Undergraduate Course: Economics of Financial Markets (ECNM10020)
|School||School of Economics
||College||College of Humanities and Social Science
|Credit level (Normal year taken)||SCQF Level 10 (Year 4 Undergraduate)
||Availability||Available to all students
|Summary||Financial markets have an important role in the allocation of resources in market economies. This course provides an introduction to how economists analyse behaviour in financial markets. The course builds on material covered in Topics in Microeconomics and Essentials of Econometrics, by extending your understanding of the economic analysis of risk, information, intertemporal choice, basic dynamics, and expectations. Much of the reading for the course is advanced, taken from journal articles and graduate level textbooks. The course is aimed at students who are willing to study challenging material, which is the focus of ongoing research activity.
Economics of Financial markets aims to provide an understanding of the role of financial markets, the behaviour of asset prices and the economic causes and consequences of financial market imperfections. This is achieved through application of economic theory and examination of econometric evidence. The scope of the material (number of models and distinct topics covered) is narrower than average for an honours course. However, students will be expected to have more of a deeper understanding of the models and more of an ability to demonstrate that understanding via formal derivations of results than is typical in an average honours course.
Topics covered include: the present value model and excess volatility; the term structure of interest rates; arbitrage conditions in foreign exchange markets; consumption, portfolio choice and the equity premium; market microstructure.
The course is taught through a programme of lectures and tutorials. Learning-by-doing, through problem solving and discussion of exercise sets, is an important ingredient of the course.
Information for Visiting Students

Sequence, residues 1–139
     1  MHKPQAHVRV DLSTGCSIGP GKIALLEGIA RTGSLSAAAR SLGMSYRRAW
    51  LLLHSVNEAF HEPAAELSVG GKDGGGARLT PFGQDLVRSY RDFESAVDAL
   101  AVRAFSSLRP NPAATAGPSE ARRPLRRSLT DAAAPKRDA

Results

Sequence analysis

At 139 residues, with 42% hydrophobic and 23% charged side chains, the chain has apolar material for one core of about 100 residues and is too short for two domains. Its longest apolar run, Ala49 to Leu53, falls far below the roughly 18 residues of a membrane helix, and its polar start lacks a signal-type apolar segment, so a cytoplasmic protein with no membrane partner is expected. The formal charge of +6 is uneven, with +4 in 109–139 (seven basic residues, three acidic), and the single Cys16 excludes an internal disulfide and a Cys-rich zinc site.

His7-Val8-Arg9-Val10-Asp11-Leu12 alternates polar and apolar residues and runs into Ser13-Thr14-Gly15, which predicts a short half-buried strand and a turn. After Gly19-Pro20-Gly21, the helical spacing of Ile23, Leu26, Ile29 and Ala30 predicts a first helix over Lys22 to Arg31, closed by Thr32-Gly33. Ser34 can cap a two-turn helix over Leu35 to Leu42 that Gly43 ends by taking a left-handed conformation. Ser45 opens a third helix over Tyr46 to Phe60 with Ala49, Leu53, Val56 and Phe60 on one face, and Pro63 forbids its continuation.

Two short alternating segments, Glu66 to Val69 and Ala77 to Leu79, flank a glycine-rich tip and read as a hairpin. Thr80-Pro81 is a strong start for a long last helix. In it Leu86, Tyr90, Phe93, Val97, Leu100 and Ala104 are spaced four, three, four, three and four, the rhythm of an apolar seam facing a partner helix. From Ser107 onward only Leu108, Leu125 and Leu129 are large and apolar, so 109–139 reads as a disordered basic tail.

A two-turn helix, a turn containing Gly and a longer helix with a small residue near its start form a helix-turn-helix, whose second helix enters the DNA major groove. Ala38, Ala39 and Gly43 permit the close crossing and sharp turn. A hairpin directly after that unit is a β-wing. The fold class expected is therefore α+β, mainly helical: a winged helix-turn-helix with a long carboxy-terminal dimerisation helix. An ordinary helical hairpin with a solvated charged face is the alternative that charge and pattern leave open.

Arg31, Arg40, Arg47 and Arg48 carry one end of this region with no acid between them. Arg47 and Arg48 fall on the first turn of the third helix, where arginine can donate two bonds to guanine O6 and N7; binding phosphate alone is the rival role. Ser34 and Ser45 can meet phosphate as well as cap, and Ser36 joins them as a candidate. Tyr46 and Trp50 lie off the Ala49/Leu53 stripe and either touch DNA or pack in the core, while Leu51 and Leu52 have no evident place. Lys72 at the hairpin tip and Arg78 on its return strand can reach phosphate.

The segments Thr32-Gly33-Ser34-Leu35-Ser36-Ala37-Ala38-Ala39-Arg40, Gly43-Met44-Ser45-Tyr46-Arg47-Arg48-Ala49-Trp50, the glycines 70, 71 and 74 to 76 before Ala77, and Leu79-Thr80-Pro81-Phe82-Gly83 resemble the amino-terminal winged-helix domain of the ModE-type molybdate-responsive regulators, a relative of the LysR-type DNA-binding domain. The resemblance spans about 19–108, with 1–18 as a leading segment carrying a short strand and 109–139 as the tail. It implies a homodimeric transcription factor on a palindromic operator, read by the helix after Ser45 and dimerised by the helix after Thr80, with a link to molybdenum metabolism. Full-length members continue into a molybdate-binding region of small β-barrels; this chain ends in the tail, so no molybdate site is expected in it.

|Pre-requisites||Visiting students should usually have an equivalent of at least 4 semester-long Economics courses at grade B or above (or be predicted to obtain this) for entry to this course. This MUST INCLUDE courses in Intermediate Macroeconomics (with calculus); Intermediate Microeconomics (with calculus); Probability and Statistics; and Introductory Econometrics (with coverage of time series econometrics, panel data methods and instrumental variables). If macroeconomics and microeconomics courses are not calculus-based, then, in addition, Calculus (or Mathematics for Economics) is required.
Visiting Undergraduates MUST consult the course organiser during the first week of term to discuss pre-requisites.
|High Demand Course?
Course Delivery Information
|Academic year 2017/18, Available to all students (SV1)
|Learning and Teaching activities (Further Info)
Lecture Hours 20,
Seminar/Tutorial Hours 4,
Feedback/Feedforward Hours 1,
Summative Assessment Hours 2,
Programme Level Learning and Teaching Hours 4,
Directed Learning and Independent Learning Hours
|Assessment (Further Info)
|Additional Information (Assessment)
||A 2 hour degree exam (80%), take home exam (20%).
||Hours & Minutes
|Main Exam Diet S1 (December)||Economics of Financial Markets||2:00|
On completion of this course, the student will be able to:
- A knowledge and understanding of key economic issues in the analysis of financial markets, including models and associated mathematical and statistical techniques, along with empirical evidence on and implications of those models and a deeper understanding of recent research activity in some more specialised areas.
- Research and investigative skills such as problem framing and solving and the ability to assemble and evaluate complex evidence and arguments.
- Communication skills in order to critique, create and communicate understanding.
- Personal effectiveness through task-management, time-management, dealing with uncertainty and adapting to new situations, personal and intellectual autonomy through independent learning.
- Practical/technical skills such as, modelling skills (abstraction, logic, succinctness), qualitative and quantitative analysis, and general IT literacy.
|There is no single text that covers all aspects of this course at an appropriate level. A variety of advanced readings will be used, mainly from economics and finance journals. Lecture handouts will refer to readings in the wider literature in a contextual manner.|
|Graduate Attributes and Skills
||See Learning Outcomes
|Additional Class Delivery Information
||1 x 2hr lecture per week. 4 x 1hr tutorials.
|Course organiser||Prof Andy Snell
Tel: (0131 6)50 3848
|Course secretary||Mrs Anna Domagala
Tel: (0131 6)51 5305